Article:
October 15, 2019
Pink is in the air! That means that it’s October which is National Breast Cancer Awareness Month!! We interviewed Dr Vicki Seidmeyer to learn more about how women can take care of themselves as well as their mothers, daughters and sisters or any other women in their lives.
Keep Your Head Up…
Many advances have been made in identification and treatments for breast cancer over the past 20 years. Many women survive breast cancer and go on to live wonderful, productive lives. They are usually the most proud, loud and compelling advocates for others dealing with the diagnosis.
When Should I Start Thinking About it?
Women should start thinking about their breast health around the age of 20 or 21, especially if you have a family history with first degree relatives that have or have had breast cancer.
What do I look for?
Changes in the color or texture of your skin may be concerning symptoms for which you should seek care from your physician. Changes to look for include the texture of an orange peel or reddish-pink discoloration. If these color changes last more than 2 weeks then consult your provider.
Beginning around age 40 you should get your first screening mammogram. This is different for women with family histories significant for breast cancer.
- If you have one first degree relative (mother/aunt/sister) with breast cancer then you should start screening around age 35.
- If you have 2 relatives with breast cancer then you would typically start getting mammograms 5-10 years earlier.
According to The American College of Obstetrics and Gynecology (ACOG), screening mammograms should be done yearly beginning at the age of 40. It can be ordered by your provider during your yearly preventative physical or it can be self-ordered by calling a mammogram facility directly. You do not need a doctor’s order for a routine screening mammogram. During the month of October it is common for mammogram facilities to special price this test for cash-pay patients.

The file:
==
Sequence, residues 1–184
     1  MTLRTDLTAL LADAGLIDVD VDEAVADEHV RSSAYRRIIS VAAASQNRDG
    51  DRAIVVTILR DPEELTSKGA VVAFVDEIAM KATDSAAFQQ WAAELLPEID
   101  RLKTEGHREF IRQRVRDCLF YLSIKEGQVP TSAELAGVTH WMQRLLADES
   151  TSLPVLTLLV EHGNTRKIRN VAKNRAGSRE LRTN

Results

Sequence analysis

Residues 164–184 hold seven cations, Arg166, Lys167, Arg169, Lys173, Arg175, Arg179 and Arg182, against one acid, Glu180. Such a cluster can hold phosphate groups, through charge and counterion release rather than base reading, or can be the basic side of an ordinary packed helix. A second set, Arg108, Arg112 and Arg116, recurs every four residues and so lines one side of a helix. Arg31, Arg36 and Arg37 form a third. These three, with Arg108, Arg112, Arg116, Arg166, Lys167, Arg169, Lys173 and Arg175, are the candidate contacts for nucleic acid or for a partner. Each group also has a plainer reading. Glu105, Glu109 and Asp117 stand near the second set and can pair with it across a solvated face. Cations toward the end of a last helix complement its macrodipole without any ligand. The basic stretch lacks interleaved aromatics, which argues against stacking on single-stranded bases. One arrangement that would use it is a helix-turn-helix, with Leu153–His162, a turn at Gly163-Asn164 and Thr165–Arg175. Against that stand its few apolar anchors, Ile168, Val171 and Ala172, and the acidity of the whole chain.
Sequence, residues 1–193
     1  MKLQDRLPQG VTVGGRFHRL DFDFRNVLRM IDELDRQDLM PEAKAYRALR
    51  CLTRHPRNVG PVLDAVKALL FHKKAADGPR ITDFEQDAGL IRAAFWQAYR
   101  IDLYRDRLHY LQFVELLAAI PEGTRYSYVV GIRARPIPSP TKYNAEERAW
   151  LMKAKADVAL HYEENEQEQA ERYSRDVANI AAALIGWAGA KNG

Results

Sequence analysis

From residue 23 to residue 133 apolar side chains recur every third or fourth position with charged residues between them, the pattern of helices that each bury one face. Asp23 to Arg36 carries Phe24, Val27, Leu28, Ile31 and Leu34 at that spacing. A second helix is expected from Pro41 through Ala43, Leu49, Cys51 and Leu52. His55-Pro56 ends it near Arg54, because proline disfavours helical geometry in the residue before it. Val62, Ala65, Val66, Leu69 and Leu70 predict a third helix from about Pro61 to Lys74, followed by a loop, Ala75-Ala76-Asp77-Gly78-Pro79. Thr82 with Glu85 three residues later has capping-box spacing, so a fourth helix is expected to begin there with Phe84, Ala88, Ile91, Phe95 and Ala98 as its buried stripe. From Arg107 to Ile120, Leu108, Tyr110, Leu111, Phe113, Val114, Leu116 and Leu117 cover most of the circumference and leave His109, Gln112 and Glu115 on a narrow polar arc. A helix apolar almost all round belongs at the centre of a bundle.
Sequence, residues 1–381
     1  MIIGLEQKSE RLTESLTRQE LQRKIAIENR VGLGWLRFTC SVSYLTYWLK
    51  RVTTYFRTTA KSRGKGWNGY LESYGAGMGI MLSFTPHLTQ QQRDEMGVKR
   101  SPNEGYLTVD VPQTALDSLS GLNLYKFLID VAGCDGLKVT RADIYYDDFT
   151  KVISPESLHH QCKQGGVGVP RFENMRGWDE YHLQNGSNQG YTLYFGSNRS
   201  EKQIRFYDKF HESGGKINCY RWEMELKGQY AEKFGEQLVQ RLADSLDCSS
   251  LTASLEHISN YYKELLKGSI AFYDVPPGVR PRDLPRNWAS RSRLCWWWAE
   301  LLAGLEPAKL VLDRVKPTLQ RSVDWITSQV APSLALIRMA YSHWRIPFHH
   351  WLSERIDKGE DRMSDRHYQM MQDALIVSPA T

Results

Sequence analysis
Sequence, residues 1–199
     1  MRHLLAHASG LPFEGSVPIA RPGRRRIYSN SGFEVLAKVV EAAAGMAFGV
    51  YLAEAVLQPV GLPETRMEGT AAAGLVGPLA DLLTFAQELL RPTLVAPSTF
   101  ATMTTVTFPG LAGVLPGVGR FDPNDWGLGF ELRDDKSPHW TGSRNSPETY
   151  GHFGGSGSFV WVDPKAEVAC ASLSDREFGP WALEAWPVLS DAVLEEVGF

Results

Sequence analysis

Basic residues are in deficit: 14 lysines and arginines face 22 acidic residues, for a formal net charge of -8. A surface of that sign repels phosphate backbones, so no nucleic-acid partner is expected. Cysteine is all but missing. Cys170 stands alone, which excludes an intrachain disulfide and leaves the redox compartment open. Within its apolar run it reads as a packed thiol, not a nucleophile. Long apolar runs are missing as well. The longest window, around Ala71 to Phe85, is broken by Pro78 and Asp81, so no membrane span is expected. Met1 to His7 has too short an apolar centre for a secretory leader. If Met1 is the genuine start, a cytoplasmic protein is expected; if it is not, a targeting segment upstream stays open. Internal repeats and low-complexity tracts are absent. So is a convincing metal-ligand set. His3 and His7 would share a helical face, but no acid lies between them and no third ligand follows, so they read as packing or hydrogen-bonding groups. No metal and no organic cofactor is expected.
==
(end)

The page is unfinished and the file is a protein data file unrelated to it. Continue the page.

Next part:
What to expect during your mammogram…
The best time to do your mammogram is right after you finish your menstrual period as your breasts tend to be less painful at this time of the month. You can expect a firm “squish” that lasts about 10 seconds. It really is no big deal. We’re women, we can deal with a lot!!
Most mammogram facilities will send a letter directly to you if your test is normal. The report will also go to your ordering provider. If your test is not normal then the facility will reach out to you and your provider and additional tests may need to be ordered. If this ever happens, do not panic and immediately think the worst. This could mean many, many things other than cancer. A few examples include cysts and breasts that simply don’t match one another (asymmetrical) among many others.
As we age, our risk for breast cancer increases. There are several reasons for this including weaker immune systems as well as more time for exposures during our lifetime. One of the most significant things you can do to decrease your risk for breast cancer is eat a well balanced diet that is low in animal fat and to avoid cigarette smoking. It is also a great idea to maintain a good healthy weight.
Want to get involved?
You can reach out to your local Susan G. Komen group by clicking here.